Penalties went into effect this year for Massachusetts residents who do not have health insurance.
The penalties, assessed in the form of monetary fines, range from zero to $912 for an entire year without coverage. Analysts have called the program over-regulated and unenforceable, but a state panel already has recommended the penalties be increased.
The penalties are applicable only to adults judged by the Commonwealth Health Insurance Connector Authority, the agency that oversees the program, to be able to afford private insurance coverage. Fines accrue every month an eligible individual is not insured and would be due as a part of the tax filing process for the year.
Hefty Fines Show Failure
“The hefty fines are an indication of the failure of the program to provide the affordable health insurance that was promised,” said Arnold Kling, an adjunct scholar at the Cato Institute in Washington, DC.
The penalty for lacking insurance in 2007 was the loss of the personal exemption, worth $219, on an individual’s state tax return. This year the penalties are to be assessed at half the total cost of the cheapest health insurance plans available through the Connector Authority.
The state makes subsidized insurance available to individuals earning up to $30,636 per year, and to families of four earning $61,956 or less. For a year without coverage, a penalty of up to $672 will be assessed on individuals up to 26 years old who have incomes too high to qualify for subsidized health insurance. For those 27 and older, an annual penalty of up to $912 will be applied.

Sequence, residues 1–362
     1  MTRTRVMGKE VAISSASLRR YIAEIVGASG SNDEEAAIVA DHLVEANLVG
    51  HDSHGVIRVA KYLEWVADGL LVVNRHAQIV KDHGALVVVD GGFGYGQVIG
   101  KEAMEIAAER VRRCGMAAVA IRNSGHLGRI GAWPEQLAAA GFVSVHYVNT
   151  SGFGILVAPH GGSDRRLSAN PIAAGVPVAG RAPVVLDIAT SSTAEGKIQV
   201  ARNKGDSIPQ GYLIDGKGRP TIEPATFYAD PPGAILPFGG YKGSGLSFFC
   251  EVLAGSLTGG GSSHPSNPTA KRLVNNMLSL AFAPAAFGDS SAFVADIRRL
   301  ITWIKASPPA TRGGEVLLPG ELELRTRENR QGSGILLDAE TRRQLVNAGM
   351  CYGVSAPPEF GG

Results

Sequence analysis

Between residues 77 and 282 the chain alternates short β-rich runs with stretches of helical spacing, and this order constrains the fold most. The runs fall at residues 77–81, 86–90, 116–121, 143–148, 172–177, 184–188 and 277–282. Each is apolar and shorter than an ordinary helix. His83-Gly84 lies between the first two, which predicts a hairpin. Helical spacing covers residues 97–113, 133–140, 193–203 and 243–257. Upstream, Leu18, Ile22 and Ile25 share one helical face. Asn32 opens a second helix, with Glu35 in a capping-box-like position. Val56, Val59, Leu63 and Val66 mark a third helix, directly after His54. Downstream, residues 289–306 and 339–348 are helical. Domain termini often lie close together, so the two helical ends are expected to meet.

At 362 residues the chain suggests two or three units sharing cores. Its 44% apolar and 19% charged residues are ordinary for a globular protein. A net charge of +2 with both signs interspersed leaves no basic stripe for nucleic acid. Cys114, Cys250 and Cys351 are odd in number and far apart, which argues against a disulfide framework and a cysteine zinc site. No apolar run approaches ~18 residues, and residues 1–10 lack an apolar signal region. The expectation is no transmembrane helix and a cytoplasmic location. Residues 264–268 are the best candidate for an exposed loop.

For those eligible for subsidized insurance, the annual penalty assessment is scaled according to income range. No penalty will be assessed on persons earning up to $15,324, because Commonwealth Care is free for people at that income level. A penalty of $210 per year will be assessed on people earning between $15,325 and $20,424.
Those earning between $20,425 and $25,536 will face a penalty of up to $420, and those earning between $25,537 and $30,636 will be penalized up to $630.
“The Massachusetts universal coverage plan is overregulated and largely unworkable,” said Devon Herrick, Ph.D., a senior fellow at the National Center for Policy Analysis in Dallas.
“The least expensive plan would cost a 37-year-old male resident of Massachusetts $196 a month, and the fine for not having insurance could run half of that, or $98 per month,” Herrick explained. “The same 37-year-old living in Dallas could buy coverage [in the private-sector insurance market] for $98 per month.”
Herrick says if Massachusetts were to deregulate its insurance market, premiums would fall so far the state might not need to create penalties for not buying insurance.
Kling points out the state’s intervention could be done far more effectively, in any case.
“A better alternative to a mandate would be a voucher,” said Kling. With vouchers, insurance plans would be designed from the bottom up, by consumers using vouchers along with their own money to pay for the insurance they prefer, he explained.
“With mandates, insurance plans are designed by government officials,” Kling noted, “which in turn means that they are influenced by special interests, driving up costs and forcing consumers to pay for coverage they don’t want.”
Dr. Sanjit Bagchi ([email protected]) writes from India.